Margot Henderson on her cultural picks, from Janis Joplin to classic New Zealand cookbooks

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  • Fergus Henderson
    British chef
  • Margot Henderson
    New Zealand chef
Photo credit: Patricia Niven
Photo credit: Patricia Niven

Few chefs have shaped London’s food scene like New Zealand-born Margot Henderson. Fans of her unfussy, produce-led cooking followed her from The French House dining room, which she founded in 1992 with husband Fergus Henderson, to beloved Shoreditch restaurant Rochelle Canteen, which also serves as a base for catering company Arnold & Henderson. She’s the author of You’re All Invited: Margot’s Recipes for Entertaining, and was awarded an OBE in the 2021 honours list.

The book that changed my life is Nose to Tail Eating by [my husband] Fergus Henderson. He taught us to cook on the bone, to cook gently, and to respect the whole animal. I also love Edmonds Cookery Book – a classic found in every New Zealand household – and Simon Hopkinson’s dreamy Roast Chicken and Other Stories. I return over and over to his love of gentle, classic cooking.

Photo credit: Penguin Random House
Photo credit: Penguin Random House

At the moment I’m reading My Brilliant Friend by Elena Ferrante. The pain of these young relationships is almost unbearable sometimes.

The first album I loved was Pearl by Janis Joplin. I was about eight or nine, and I’d close all the doors in the sitting room and dance for hours. I didn’t really understand the words – it was more her energy and soul. It was the beginning of a life-long love affair.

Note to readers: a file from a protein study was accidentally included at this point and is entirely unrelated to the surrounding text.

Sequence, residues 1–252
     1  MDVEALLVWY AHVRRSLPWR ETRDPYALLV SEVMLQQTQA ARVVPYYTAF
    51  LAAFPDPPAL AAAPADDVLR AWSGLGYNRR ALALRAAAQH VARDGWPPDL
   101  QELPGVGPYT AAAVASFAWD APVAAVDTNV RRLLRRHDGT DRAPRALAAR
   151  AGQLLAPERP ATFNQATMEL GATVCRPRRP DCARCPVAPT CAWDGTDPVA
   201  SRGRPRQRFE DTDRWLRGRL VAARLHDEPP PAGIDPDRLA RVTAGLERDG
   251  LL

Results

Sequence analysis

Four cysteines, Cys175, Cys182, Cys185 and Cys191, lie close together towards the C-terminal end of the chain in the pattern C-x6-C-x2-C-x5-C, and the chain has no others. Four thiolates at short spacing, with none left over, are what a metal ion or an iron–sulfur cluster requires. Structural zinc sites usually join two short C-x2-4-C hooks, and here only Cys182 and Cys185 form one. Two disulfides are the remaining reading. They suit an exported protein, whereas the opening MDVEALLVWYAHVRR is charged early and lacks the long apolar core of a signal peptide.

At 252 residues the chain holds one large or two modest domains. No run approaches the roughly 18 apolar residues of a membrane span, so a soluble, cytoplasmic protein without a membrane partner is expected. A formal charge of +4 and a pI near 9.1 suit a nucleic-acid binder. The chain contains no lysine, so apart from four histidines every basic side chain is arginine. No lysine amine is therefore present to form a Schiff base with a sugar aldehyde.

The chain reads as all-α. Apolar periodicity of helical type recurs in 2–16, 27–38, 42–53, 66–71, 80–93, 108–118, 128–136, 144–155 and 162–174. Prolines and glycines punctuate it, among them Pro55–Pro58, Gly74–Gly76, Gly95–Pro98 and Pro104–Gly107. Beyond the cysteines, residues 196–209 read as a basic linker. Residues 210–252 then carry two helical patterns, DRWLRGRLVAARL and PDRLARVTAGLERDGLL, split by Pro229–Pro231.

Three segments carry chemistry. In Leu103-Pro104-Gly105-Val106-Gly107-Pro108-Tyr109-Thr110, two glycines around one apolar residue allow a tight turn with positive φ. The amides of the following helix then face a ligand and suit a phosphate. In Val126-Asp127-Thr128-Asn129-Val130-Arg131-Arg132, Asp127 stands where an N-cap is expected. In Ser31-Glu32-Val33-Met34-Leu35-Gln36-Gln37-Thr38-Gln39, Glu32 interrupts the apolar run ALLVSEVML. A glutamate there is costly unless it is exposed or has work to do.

My all-time favourite piece of music is Bob Dylan’s Like a Rolling Stone. I dance, drive and cook to Bob. This song is a timeless, beautiful piece of poetry and I never tire of it.

I’m currently enjoying the Stack Radio App. I’ve been listening to Pauline Daly’s guest mix tape, which is full of gems from New Order to Siouxsie and the Banshees.

My favourite film is Jane Campion’s The Piano, which was so wild and moving when it came out. I loved all the rain and that sex scene with Harvey Keitel, when he puts his finger into the ripped hole in her tights. Another great New Zealand film is Hunt for the Wilderpeople, which is an uplifting jaunt through the bush. The young lad is brilliant. Where do they find kids like that?

Photo credit: Pictorial Press Ltd / Alamy
Photo credit: Pictorial Press Ltd / Alamy

I have a few collections. Lots of cookbooks, which I love flicking through. Plants, too – I’m a terrible gardener but very enthusiastic. I also have a drawer full of gorgeous knives from around the world.

My most-loved museum is The National Gallery. As a young family we lived in Covent Garden and I would often take my kids to fill an hour or two. Jacopo Tintoretto’s The Origin of the Milky Way, a story of breast milk making the Milky Way, is so lush and voluptuous it takes your breath away. The children loved ‘the tiger painting’, Henri Rousseau’s Surprised!.

The best exhibition I’ve seen was a Sarah Lucas retrospective at The New Museum in New York called Au Naturel. A retrospective is an emotional experience. The art comes together saying different things as it ages along with you.

Photo credit: EPW Studio
Photo credit: EPW Studio

My favourite place in the world is Paris. The food, the streets, the bars, the galleries. It’s a feast for the senses. Le Baratin, Chez Georges and Le Clown are some of my favourite restaurants. arnoldandhenderson.com

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